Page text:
Research

Urban Forests and Arboriculture

The Illinois Tollway Trees Initiative

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The Illinois Tollway Authority is undertaking a three-year initiative to plant 58,000 trees along their 292-mile right-of-way to increase the regional forest canopy in the Chicagoland area. However, trees are notoriously difficult to grow in poor-quality roadside soils. Furthermore, the Tollway seeks to not only increase the number of trees, but also the diversity of trees in the region.

To overcome these challenges, the Tollway Authority and the Morton Arboretum are collaborating to learn more about the factors, conditions, and practices that enable the successful establishment and growth of trees planted in highway right-of-ways. Specifically, Arboretum researchers are assessing tree performance in existing Tollway right-of-way plantings and have established experiments in Tollway sites to test the effects of soil organic amendments, site design, species selection, and stock size on tree establishment, growth, and ecosystem service provision. The goals of this project are to establish the value of proper site preparation and set the standards for roadside tree planting.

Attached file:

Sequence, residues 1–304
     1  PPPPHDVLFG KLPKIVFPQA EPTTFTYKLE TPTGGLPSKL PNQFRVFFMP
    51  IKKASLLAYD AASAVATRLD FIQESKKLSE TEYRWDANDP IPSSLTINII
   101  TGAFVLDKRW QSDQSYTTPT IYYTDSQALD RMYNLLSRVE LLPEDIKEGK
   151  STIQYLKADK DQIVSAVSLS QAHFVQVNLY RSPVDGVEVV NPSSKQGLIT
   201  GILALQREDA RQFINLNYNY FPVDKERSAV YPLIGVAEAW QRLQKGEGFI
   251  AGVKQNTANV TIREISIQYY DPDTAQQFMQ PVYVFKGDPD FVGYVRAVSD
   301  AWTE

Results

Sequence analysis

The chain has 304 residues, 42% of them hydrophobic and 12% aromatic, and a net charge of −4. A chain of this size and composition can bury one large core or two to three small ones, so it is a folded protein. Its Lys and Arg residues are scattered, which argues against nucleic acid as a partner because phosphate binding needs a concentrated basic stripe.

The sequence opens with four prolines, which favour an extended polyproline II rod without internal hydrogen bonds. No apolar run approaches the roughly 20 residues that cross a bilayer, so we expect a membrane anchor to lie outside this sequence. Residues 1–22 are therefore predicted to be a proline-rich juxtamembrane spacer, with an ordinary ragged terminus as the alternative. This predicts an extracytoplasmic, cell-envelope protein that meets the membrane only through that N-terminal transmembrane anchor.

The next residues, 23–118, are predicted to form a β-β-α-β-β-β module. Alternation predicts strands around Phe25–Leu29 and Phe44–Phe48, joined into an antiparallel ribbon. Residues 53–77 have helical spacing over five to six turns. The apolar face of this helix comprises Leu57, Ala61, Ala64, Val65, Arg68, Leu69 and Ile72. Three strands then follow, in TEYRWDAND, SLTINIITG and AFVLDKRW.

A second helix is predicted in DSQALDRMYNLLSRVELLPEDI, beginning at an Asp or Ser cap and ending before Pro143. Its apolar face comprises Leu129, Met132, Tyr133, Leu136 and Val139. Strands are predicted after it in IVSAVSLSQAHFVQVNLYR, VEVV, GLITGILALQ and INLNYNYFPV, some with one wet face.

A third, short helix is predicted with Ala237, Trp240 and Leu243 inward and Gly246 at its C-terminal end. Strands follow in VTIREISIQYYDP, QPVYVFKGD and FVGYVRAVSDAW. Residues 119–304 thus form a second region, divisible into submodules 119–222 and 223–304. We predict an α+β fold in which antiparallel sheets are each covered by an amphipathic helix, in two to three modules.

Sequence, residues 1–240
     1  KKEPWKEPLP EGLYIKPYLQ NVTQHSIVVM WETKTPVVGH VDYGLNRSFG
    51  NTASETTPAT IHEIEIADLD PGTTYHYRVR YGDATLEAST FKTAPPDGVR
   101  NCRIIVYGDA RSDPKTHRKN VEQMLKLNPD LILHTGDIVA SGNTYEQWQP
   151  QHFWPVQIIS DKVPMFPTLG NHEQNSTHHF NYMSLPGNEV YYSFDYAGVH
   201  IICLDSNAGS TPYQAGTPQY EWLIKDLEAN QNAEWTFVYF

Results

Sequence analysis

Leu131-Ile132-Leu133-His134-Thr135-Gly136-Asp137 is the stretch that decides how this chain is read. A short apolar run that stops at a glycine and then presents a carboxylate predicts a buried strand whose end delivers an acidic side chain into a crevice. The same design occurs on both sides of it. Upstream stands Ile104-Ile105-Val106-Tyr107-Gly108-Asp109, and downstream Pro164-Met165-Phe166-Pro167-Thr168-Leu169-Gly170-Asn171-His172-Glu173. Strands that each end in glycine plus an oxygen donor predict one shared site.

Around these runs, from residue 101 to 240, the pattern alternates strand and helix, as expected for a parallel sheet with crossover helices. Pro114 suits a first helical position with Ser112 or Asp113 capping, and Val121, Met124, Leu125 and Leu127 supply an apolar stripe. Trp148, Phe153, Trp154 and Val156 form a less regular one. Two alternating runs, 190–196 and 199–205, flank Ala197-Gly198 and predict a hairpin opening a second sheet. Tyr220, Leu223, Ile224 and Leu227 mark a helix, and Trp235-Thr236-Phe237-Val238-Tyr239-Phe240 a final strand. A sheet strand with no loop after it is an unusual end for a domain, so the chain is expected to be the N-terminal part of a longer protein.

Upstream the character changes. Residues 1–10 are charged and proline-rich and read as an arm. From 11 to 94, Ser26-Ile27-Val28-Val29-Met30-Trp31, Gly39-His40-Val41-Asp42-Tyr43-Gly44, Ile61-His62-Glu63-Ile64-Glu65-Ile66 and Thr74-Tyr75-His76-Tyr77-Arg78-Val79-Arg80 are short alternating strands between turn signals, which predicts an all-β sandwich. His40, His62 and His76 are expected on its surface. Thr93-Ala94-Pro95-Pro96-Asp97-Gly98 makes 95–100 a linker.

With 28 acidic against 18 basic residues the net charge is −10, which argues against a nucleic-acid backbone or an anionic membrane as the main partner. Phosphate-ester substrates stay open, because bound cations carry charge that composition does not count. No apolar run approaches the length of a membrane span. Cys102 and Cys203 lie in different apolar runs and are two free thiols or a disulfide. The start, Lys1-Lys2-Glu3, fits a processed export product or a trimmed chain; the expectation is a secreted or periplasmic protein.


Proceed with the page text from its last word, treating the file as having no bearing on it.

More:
Collaborators

Brian Wagner

Illinois Math and Science Academy

Andrew Archundia

Elmhurst College, 2019 REU

Tanya Perez

University of Texas at San Antonio

Funding Sources

The Morton Arboretum

Midgley, M.G. 2020. Does matching organic amendment chemistry with tree litter chemistry enhance tree survival, growth, and health in roadside soil? In Watson G., J. Miesbauer, B. Scharenbroch, & E. Gilman (Eds.), Landscape Below Ground IV: Proceedings of an International Workshop of Tree Root Development in Urban Soils (pp. 63-78) International Society of Arboriculture.

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